• “That would obviate (in theory) many of the geopolitical conflicts (as in the Middle East) that I consider far less basic than climate catastrophe, which is the certain outcome of BAU.”

            The population of most of the MENA nations have increased ten-fold in the last 70 years. Some of them are slowing down. However, most of this growth was enabled by trading oil for food. Now, their total exports of oil are declining – some due to dropping production, some simply due to increased domestic consumption.

            You are proposing that, in exchange for nothing other than the hope of less violence, we should spend energy and resources to transport water to the Middle East.

            The Empire of Chaos seems to have decided the best plan is to simply relocate all the extra people to Europe.

          • Thanks Artleads,
            but in my view it’s even simpler: No Water = No Life.

            The water supply and distribution is currently being totally disrupted (climate change, depletion of aquifers, pollution issues, dams & irrigation, etc…), and there’s not much we can do to fix it without taking high risk to worsen things globally, as our multiple problems are all intertwined and smooth-shrinking is not an option.
            There is NO solution, our civilisation WILL collapse, whatever we do or do-not, and my opinion is that the first shock will be much greater (and sooner) than most are expecting. Thinking about fixes to BAU is time-waste, you have to imagine yourself living in the aftermaths of the collapse, if you think it’s worthwhile, and with no guarantee that it’ll be even possible.

            Add to that that most of our fresh water depends on BAU (for example I heard that within 3 days of electricity shortage in London, all taps would stop flowing), as well as most of our sanitation systems (remember it was a big problem in towns before sewage was implemented, and still is nowadays in some places or periods),
            so yes, I stick to my recommendation: a remote spring is a priority for those who plan to survive.

            WRT your “kindergarden feeling”, I also often feel like “a hen that has found a knife”. Things are complex indeed, and many people like to complexify at will, thereby losing the global view. I personally resolved to keep in mind only the deep trends, and try to figure out how they interact (which is already tricky, too much sometimes). I tend to follow the KISS principle (Keep It Simple, Stupid!).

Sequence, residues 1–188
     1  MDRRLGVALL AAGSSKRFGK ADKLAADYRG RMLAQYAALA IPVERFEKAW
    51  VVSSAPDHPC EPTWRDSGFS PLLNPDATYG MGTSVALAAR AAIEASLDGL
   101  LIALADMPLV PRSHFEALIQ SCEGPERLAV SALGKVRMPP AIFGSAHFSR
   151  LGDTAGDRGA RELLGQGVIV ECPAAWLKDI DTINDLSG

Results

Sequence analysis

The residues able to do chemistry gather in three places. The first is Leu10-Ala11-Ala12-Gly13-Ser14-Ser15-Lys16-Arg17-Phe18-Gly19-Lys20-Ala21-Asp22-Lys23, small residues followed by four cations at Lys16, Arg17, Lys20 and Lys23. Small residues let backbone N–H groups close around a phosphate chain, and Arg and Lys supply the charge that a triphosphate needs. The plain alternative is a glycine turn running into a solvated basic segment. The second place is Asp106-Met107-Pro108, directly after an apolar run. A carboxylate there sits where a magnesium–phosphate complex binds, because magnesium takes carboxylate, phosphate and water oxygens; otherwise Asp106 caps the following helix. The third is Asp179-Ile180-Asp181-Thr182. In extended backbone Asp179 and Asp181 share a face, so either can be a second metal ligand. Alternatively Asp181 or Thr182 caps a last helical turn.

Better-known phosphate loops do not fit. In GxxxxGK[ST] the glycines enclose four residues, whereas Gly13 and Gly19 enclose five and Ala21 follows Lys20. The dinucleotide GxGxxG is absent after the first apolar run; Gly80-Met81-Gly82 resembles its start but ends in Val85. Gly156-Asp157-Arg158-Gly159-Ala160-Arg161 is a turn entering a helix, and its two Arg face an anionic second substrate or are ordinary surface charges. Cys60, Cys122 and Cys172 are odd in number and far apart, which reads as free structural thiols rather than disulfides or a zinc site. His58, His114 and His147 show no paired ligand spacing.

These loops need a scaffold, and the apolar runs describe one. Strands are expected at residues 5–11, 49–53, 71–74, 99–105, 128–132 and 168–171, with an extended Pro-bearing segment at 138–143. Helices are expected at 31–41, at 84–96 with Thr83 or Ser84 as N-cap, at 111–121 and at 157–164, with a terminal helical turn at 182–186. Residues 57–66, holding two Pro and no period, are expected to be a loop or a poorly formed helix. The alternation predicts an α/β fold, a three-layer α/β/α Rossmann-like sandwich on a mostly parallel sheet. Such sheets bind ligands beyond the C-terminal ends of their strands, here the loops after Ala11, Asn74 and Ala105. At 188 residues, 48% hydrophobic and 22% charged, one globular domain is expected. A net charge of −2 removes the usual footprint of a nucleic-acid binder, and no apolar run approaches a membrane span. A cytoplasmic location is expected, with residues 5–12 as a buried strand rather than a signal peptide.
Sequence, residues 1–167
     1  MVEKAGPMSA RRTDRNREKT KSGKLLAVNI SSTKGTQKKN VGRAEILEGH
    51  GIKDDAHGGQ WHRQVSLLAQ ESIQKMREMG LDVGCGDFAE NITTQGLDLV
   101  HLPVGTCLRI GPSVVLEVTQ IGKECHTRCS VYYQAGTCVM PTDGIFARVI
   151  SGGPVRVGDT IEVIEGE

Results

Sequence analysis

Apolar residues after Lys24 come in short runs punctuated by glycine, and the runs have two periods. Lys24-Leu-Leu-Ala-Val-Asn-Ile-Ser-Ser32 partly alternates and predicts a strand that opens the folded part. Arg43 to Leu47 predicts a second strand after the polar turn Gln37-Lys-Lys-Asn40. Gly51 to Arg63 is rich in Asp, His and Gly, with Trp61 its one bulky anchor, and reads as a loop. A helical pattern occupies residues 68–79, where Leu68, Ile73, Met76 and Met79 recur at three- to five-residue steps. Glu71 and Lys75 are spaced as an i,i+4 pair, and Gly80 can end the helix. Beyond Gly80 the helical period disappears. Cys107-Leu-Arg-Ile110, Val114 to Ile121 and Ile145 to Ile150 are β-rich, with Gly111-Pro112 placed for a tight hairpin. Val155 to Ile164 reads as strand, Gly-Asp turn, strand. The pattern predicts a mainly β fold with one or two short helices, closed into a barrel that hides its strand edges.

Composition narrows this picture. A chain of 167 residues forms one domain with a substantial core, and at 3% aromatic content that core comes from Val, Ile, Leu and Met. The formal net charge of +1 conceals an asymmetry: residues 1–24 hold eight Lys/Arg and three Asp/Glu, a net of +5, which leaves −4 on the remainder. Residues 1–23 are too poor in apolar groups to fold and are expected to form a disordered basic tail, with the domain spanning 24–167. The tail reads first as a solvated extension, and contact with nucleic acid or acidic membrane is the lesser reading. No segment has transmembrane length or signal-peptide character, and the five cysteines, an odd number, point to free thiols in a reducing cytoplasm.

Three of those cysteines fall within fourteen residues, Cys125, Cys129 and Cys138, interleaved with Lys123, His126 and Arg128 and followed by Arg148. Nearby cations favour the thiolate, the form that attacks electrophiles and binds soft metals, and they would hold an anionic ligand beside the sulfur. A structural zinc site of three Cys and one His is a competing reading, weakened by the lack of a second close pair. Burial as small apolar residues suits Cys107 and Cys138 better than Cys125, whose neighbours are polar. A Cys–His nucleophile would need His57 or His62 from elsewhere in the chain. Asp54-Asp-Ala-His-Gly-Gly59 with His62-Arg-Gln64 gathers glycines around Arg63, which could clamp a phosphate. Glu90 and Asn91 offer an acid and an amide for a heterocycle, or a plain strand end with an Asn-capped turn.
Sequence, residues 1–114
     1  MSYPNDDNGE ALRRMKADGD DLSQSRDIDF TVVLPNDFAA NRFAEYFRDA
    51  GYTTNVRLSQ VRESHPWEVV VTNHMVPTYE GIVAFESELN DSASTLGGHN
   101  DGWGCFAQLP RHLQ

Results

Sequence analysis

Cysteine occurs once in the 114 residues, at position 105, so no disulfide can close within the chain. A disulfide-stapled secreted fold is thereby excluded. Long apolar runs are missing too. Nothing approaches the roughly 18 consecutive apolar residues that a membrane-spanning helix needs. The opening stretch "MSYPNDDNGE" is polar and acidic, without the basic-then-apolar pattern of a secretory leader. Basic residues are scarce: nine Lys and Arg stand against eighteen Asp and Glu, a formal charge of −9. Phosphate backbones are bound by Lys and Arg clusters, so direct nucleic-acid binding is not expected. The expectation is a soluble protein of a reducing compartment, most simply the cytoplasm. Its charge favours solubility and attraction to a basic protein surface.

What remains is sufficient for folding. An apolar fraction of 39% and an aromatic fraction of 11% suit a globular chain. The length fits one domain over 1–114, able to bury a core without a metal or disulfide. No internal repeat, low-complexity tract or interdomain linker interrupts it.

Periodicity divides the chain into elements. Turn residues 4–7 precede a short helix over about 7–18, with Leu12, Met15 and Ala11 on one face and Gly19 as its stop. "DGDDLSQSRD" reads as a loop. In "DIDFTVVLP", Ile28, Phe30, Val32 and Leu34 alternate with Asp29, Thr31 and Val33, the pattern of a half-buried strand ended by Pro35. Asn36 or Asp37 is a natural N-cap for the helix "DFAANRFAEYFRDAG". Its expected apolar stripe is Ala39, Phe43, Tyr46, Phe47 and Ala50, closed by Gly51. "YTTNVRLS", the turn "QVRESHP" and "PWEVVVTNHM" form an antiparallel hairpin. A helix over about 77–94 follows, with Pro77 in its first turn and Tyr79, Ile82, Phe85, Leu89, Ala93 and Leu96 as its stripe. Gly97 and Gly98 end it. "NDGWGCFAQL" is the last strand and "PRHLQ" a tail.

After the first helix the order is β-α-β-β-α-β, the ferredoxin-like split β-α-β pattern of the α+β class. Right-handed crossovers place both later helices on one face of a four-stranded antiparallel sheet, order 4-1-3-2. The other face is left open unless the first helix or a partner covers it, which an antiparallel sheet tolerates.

• We also have to consider how crops are grown.

              There is the issue of petroleum based pesticides and fertilizers (which will not be available) but also of concern with respect to water:

              Worldwide, in 2012 over 324 million hectares are equipped for irrigation, of which about 85 percent or 275 million ha are actually irrigated.

              Irrigated agriculture represents 20 percent of the total cultivated land, but contributes 40 percent of the total food produced worldwide.


              Irrigation usually means pumps. So forget about irrigation.

            • Thank you —- (fill in with your name of the day),
              the FAO link is very interesting.

              The problem with renewable freshwater resource is not the total amount, it’s that it’s VERY unevenly distributed (plus quite easy to pollute). Morover, as you highlight, without external energy, the good areas are likely to become tiny seldom spots. Except in places like Iceland, but I wouldn’t live there without external energy either!

              “Countries could be defined as water-stressed if they withdraw more than 20 percent of their renewable freshwater resources, as approaching physical water scarcity when more than 60 percent is withdrawn, and as facing severe physical water scarcity when more than 75 percent is withdrawn. Using these thresholds, water stress is progressing with 36 countries experiencing it in 1998 and 45 countries in 2011. Out of the 45 countries withdrawing more than 20 percent, 20 withdraw more than 60 percent and of these 15 withdraw more than 75 percent. Ten countries withdraw more than 100 percent of renewable freshwater resources, of which 6 in the Arabian Peninsula, 1 in Northern Africa, 2 in Central Asia and 1 in the Caribbean.”

            • First, there are steps we could take that would do no obvious harm:

              – Survey in relevant geographic areas (if not globally) the “state of water use” to include:
              – infrastructure like dams
              – dams that are being planned
              – issues of financing for dams, irrigation systems, etc.
              – condition of aquifers
              – condition of watersheds
              – challenges to keeping water in watersheds rather than transferring it away
              – issues around alternative ways to grow food
              – permaculture and non chemical ways to grow food
              – climate change as a major determinant of decision-making
              – issues of relevant education
              – what areas can be ethically left to their own water devices
              – issues of the state and the management of water
              – down river allocation of water and other related subjects
              – issues of the rights of rivers to flow naturally

              I’m sure this is only a partial list of what we could begin to look at. What would be the harm of a global “conference” on water that starts with the hypothesis that it is a global-commons good to distribute water equitable throughout the planet? It would be only a survey, a way of thinking more clearly about water, thereby enabling, to the extent feasible, potentially more rational decisions about water. Whatever would or would not be done with the gleaned insight would be a matter for the future to decide.